Out of Durham, North Carolina, Counter Culture is known for their "micro-lots" and fabulous single-estate coffees. They don't keep much roasted coffee on hand because they're adamant about roasting to order and bagging and shipping on the same day. If you happen to live in North Carolina, they extend their mission to create cutting-edge coffee people by offering a variety of coffee courses, from Beginning Espresso Lab to Milk Chemistry Lab. They also offer free weekly cuppings or tastings. For those of us who aren't so lucky to live close by, they make purchasing online a cinch with brief notes on each coffee, allowing you to search by region (Africa, The Americas...), microlot, or their custom blends (I've heard from an old college friend that the Crook's Corner blend is like nothing else--a little bit sweet and nutty at the same time). For the online or mail-order shopper, they also do Coffee subscriptions.
Sonoma's artisan coffee roasting company has a thriving online and wholesale business and a cache of major industry awards. Andrew Barnett's signature organic coffee roaster, custom roasts each batch in the Northern Italian style--with enough time for the flavor profiles to surface but not long enough for bitterness to ensue. All coffees are shipped within 24 hours of roasting--not something that many roasters claim or guarantee these days. On his website, Barnett says, "I like to introduce to people flavors that open them to the world of exemplary coffee...premium coffees that are roasted properly taste great and leave a pleasant sweet aftertaste, similar to great wines and chocolates." And good news for us: Eater SF reported last month that Ecco is moving to an undisclosed location in Potrero Hill. It's slated to be a café and roastery, allowing Bay Area folks to taste the sweet, single-origin espresso whenever the urge should strike.
Barefoot is another artisan roaster that's adamant about seasonality and freshness of the bean. On the landing page of their website, they have a big space advertising a few coffees that are "Fresh Arrivals" and discuss treating coffee like any other high-quality, sought-after kitchen ingredient. Online, they explain the importance of "Realizing that each bean is affected by soil, varietal, processing, farm, elevation, micro-climate and every hand that crafts it, we are determined to let the coffee speak for itself." They don't describe their coffees as "dark" or "bold," but work to actually describe the flavor and essence of each roast. What I really love about Barefoot is their humble, straight-up way of explaining what they do and why they do it. They genuinely believe that good people who love what they do produce good coffee, so they travel to seek those folks out and work to maintain relationships with them. Their motto, "If you love the coffee, it will love you back" just makes sense and translates to whatever business or endeavor you find yourself in. They're also a recognized leader in sustainable and environmental stewardship, making great strides with green energy, composting, and using a small, local dairy source for their café.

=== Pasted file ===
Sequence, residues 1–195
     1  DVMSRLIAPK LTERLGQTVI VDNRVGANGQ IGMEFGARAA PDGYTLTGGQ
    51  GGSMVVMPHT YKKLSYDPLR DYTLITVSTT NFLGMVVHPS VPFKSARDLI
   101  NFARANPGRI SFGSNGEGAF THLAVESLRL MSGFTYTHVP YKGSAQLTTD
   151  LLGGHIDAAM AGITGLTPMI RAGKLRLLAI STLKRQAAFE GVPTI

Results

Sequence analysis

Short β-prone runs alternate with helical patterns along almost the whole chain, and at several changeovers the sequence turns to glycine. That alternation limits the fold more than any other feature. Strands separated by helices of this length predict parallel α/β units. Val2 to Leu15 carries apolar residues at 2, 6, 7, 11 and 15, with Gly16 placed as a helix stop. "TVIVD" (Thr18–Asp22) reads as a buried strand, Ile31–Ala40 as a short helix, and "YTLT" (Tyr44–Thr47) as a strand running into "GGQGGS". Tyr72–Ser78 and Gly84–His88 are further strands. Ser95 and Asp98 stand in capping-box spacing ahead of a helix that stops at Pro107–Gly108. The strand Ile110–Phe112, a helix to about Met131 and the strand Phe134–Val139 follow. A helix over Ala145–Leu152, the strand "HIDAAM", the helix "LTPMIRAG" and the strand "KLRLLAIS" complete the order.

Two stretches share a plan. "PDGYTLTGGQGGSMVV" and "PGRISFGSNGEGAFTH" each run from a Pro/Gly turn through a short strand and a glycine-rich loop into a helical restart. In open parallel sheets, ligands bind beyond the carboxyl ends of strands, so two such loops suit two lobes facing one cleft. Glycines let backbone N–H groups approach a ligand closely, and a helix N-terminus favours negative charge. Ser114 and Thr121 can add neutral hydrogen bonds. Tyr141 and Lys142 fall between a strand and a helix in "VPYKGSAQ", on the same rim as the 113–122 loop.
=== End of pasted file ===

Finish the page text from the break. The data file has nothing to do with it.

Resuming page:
Bringing Them Together
On some days, I find myself bombarded with irrelevant information and promotions from food PR people. But a few weeks ago, I got a note from GoCoffeeGo just to introduce themselves and tell me what they're up to. Since then, I've basically fallen in love with the site. If you're not familiar with them, they were founded by local coffee junkies, Scott Pritikin and Elise Papazian, with the goal of bringing together the country's top award-winning artisan roasters on one site with one stream-lined checkout. The coffee is roasted to order and shipped directly from the roaster to the customer (that being said, the shipping time can vary so if you need it pronto, do a little research on the ETA). It's kind of like the Amazon of artisan coffees: organized, streamlined, great customer service, and a really good product. The coffee selection is stellar. They carry most of the roasters I mentioned above, but they also carry one of my favorite local roasters, Equator Coffee and Tea out of San Rafael. Other great choices include Ritual, Verve, and Higher Ground.